To husband: How do you deal with the extra demands of the illness? How do you show your feelings to your wife? What effect does this behavior seem to have on her?
These types of circular questions aim at increasing the family’s understanding of the present situation. They provide a focus for the health professional to explore not only the family’s cognition but also their underlying emotional responses. For example, the husband may feel resentful, anxious, and trapped and may be dealing with these feelings by isolating himself. The wife may be fearful and behave in a clutching, clingy fashion. Neither person may be aware of the circular nature of the maladaptive pattern.
When the health professional has helped the couple to recognize the nature of their problem, then the health professional can help them explore alternative coping strategies leading to new solutions. For example, the health professional may stimulate the discussion by asking the following questions:
*How can you deal more realistically with the extra demands on both of you?
*What possibilities might work?
*What probably would never work?
*Who might be most in favor, for example, of inviting a volunteer from the church in on Saturdays to assist with the caretaking?
In summary, the main way the health professional can assist a family with a chronic illness is to help them remove cognitive and affective blocks to problem solving. If the husband is immobilized by guilt and a belief that he is losing his wife because of her illness and the wife is immobilized by fear, then these blocks need to be gently dislodged to permit creative problem solving to take place.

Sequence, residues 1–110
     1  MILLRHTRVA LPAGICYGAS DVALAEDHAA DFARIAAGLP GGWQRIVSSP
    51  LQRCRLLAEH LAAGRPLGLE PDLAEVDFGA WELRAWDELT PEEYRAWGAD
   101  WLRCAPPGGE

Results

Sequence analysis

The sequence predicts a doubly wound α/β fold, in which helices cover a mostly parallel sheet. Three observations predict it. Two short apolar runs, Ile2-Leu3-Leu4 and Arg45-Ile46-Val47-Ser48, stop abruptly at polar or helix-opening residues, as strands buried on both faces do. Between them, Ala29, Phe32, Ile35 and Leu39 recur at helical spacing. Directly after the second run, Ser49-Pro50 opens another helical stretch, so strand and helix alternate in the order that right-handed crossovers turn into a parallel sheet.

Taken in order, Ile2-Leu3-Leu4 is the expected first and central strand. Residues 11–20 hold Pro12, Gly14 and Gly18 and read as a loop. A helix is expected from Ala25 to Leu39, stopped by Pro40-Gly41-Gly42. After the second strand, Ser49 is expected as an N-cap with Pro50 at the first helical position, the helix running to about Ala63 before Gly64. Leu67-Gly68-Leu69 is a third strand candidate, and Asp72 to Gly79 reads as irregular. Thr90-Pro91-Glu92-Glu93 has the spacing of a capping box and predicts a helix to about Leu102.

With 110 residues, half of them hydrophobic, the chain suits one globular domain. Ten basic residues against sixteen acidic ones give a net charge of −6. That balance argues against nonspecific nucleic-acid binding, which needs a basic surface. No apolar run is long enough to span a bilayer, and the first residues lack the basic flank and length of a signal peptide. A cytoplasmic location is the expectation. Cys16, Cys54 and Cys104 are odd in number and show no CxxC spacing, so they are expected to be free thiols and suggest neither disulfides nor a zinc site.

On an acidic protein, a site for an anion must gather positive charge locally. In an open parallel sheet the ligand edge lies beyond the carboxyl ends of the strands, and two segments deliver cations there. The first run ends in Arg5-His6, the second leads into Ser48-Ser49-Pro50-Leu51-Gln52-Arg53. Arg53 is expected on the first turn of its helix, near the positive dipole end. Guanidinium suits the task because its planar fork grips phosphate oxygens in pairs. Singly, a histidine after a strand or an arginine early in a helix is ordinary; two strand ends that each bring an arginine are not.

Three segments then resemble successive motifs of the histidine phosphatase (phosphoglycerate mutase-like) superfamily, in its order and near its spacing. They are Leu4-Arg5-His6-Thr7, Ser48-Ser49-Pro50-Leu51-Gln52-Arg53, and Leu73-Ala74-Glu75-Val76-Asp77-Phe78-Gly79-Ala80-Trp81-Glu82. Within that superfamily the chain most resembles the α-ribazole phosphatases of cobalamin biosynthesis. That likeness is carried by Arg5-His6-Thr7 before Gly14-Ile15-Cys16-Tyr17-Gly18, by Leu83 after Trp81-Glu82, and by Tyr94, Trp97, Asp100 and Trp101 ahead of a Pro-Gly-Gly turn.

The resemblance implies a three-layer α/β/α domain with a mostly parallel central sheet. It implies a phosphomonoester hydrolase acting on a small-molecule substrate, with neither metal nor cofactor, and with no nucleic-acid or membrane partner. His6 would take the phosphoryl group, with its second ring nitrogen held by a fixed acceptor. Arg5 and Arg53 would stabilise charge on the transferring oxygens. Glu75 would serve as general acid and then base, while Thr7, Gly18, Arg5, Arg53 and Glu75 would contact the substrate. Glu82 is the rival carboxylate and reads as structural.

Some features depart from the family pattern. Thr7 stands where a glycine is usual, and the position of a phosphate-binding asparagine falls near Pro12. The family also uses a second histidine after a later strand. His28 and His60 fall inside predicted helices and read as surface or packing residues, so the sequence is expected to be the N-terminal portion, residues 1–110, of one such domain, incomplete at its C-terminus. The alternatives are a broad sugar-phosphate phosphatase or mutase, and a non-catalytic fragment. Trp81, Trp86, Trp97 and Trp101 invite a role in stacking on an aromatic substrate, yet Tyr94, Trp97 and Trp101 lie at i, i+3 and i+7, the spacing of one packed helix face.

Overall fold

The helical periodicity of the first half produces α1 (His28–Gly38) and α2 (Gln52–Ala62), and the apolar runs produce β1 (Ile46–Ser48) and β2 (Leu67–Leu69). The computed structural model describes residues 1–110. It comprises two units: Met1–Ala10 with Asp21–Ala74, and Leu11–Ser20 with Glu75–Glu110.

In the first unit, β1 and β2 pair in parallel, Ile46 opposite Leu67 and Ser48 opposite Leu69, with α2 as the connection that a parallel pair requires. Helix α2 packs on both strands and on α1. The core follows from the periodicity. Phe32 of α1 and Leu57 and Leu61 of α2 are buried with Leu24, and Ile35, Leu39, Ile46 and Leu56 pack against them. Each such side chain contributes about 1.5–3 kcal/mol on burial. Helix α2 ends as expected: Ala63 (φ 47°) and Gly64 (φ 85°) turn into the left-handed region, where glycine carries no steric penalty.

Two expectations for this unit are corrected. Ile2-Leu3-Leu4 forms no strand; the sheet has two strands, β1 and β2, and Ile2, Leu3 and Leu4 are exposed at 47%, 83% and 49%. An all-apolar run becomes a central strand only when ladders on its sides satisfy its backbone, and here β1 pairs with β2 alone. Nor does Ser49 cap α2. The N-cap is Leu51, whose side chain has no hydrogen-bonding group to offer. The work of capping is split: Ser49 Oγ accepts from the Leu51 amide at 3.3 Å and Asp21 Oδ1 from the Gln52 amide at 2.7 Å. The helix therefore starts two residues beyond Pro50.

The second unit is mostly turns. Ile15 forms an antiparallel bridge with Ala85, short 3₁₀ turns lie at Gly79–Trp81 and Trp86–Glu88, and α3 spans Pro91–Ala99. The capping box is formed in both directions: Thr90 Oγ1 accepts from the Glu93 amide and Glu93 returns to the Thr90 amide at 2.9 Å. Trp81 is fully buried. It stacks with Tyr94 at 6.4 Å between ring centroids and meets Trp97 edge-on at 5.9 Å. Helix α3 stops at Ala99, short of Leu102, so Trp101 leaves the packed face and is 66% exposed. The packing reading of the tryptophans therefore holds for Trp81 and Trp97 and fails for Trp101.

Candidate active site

To illustrate the intersection of three domains of family functioning (cognitive, affective, and behavioral) and various interventions, we have chosen several other examples of interventions in addition to circular questions. These examples are not meant to be an exhaustive list. Rather, they are interventions we have found useful in our own clinical practice and research. The examples include (a) commending family and individual strengths, (b) offering information/opinions, (c) externalizing the problem, (d) validating/normalizing emotional responses, (e) storying the illness experience, (f) drawing forth family support, (g) encouraging respite, and (h) devising rituals.